Sicily may be small, but it really packs a punch when it comes to variety of experience. One day you could be snorkelling in the turquoise ocean waters, and the next you might be climbing the highest active volcano in Europe. In between all that exercise you’ll be checking out historical towns with winding cobbled streets and hidden plazas, and exploring magnificent palaces, ancient temples and even Roman theatres.
You can fly into either Catania or Palermo and explore the whole island in a relatively short space of time. Most visitors come to Sicily for a week or two, and hiring a car for a bit of a road trip is really the best way to get around and see all the sites independently. Just be aware that some of the smaller towns have narrow streets, one-way systems and little parking, so do plan ahead accordingly.
Here are some of the top sights that we think you shouldn’t miss on your Sicily holiday:
Valley of the Temples
Not far from Agrigento, a vast archaeological park known as ‘Valley of the Temples’ makes a great half day trip. There are eight temples still visible here, dating back to the 5th century BC. The Temple of Concordia and the Temple of Hera are two of the best preserved ancient sites you’ll ever come across. It’s easy to walk around the whole site, but just make sure you take plenty of water and sunscreen as there’s little shade up here. The site is a popular destination on Sicily holidays with Voyage Privé, and should definitely be at the top of your list when travelling around the island.
Scala dei Turchi
This place really is quite bizarre, and undoubtedly one of the most beautiful places to visit in Sicily. Just a half hour drive from Agrigento, the white limestone cliff of Scala dei Turchi has been eroded by wind and waves over time to form some rather unusual ‘steps’. It’s a great place for scrambling, as well as finding a quiet spot to watch the sunset during the evening. There’s a beach here too so why not bring a picnic and spend the day here.
If you’re looking for unsurpassed ocean views with colourful hillside settlements and some of the best snorkelling on the island, then look no further than Taormina. It can get busy during the summer, but visit outside of peak season and you’ll soon see why this Sicilian gem is so popular. Don’t miss Isola Bella, which is a tiny island just off the mainland with a picture-postcard beach, or the famous Greek theatre that still stands proud on the hillside. The views of Mount Etna are breathtaking, and if you head up to the Madonna della Rocca church the panoramas are even better. Many visitors base themselves here for the duration of their stay.
Catania is the second largest city on the island, and a superb jumping off point for climbing Mount Etna. Many of the buildings here are unique, being constructed using lava rock from the volcano. It’s worth spending a couple of days in the city at the beginning or end of your tour, to explore the famous sights such as Piazza del Duomo, which is overlooked by the grand cathedral. Life here is laid back and easy, with lots of cafes and gelaterias for refreshing breaks in between all the sightseeing.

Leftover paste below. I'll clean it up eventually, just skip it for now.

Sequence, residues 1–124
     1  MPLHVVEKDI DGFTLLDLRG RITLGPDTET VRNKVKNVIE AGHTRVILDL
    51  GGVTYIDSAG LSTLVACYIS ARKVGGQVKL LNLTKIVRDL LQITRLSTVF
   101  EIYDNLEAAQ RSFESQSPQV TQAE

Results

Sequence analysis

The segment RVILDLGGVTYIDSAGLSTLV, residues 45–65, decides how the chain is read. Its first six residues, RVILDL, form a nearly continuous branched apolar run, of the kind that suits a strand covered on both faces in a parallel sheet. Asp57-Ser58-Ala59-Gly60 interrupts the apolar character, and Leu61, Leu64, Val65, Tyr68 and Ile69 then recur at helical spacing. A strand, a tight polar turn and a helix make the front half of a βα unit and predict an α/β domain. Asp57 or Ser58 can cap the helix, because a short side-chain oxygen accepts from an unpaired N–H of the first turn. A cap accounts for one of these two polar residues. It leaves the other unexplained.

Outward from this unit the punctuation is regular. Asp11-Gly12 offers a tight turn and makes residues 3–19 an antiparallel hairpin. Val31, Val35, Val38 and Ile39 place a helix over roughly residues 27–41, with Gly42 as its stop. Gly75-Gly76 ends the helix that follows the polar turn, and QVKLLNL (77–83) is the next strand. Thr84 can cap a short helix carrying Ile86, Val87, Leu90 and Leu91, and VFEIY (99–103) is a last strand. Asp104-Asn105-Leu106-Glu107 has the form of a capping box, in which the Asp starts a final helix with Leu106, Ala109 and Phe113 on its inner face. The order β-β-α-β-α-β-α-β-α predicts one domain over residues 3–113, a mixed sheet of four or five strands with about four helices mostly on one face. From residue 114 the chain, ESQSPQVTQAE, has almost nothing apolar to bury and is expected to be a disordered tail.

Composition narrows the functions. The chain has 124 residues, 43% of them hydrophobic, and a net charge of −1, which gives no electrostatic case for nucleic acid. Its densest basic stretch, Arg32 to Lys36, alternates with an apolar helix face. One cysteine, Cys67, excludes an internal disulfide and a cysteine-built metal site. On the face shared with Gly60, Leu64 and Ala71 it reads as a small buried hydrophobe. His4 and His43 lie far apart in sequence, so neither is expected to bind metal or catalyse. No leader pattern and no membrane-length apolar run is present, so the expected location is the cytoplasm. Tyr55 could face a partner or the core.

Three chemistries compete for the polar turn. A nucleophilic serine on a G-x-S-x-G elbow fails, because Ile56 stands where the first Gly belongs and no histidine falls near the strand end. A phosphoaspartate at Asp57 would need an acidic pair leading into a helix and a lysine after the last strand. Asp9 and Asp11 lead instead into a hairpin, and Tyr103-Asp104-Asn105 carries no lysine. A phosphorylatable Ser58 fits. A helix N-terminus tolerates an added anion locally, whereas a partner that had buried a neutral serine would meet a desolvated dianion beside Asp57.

Being the largest active volcano in Europe, Mount Etna is visible from much of the island, and it’s a useful landmark if you ever need to get your bearings. Yet it’s not just a phenomenal geological feature, the volcano is actually one of the most popular sights to visit on a holiday in Sicily. Intrepid visitors can climb right up to the crater rim on a half-day trip from either Taormina or Catania. Most people ascend the mountain by cable car, finishing the last part by vehicle, so it’s really easy to get there without too much effort.
Over on the east coast lies the pretty historical town of Syracuse, which is a must-visit on any island road trip. There are lots of quaint squares, magnificent palaces and ancient churches to discover, as well as the delightful little Ortigia island a little way offshore. The Neapolis Archaeological Park is also a real highlight in this area, with both Roman and Greek ruins to enjoy. It’s very pleasant wandering around the port in Syracuse too, watching the boats bobbing up and down in the harbour and enjoying an ice-cream along the way.
Noto, Modica and Ragusa
The Baroque towns of Noto, Modica and Ragusa are listed UNESCO World Heritage Sites, and utterly charming in both appearance and temperament. Most visitors base themselves in Noto and take day trips out into the wider area. Life here is all about strolling at a leisurely pace through cobbled streets, admiring the architecture and checking out secret alleyways that always have something spectacular around every corner. Keep an eye out for churches, palaces and cathedrals!
Marsala Salt Pans
Not far from Trapani are the mesmerising salt pans of Marsala. You might recognise the iconic image of windmills set amidst the salt pools, and indeed it’s a very photogenic site. The light and colour is superb at sunset when the reflections really come into play, but a stop here is equally fun by day, when you can purchase small bags of salt to take home as a rather unique souvenir. The salt here is used in many restaurants across the island, so you may have already tasted it!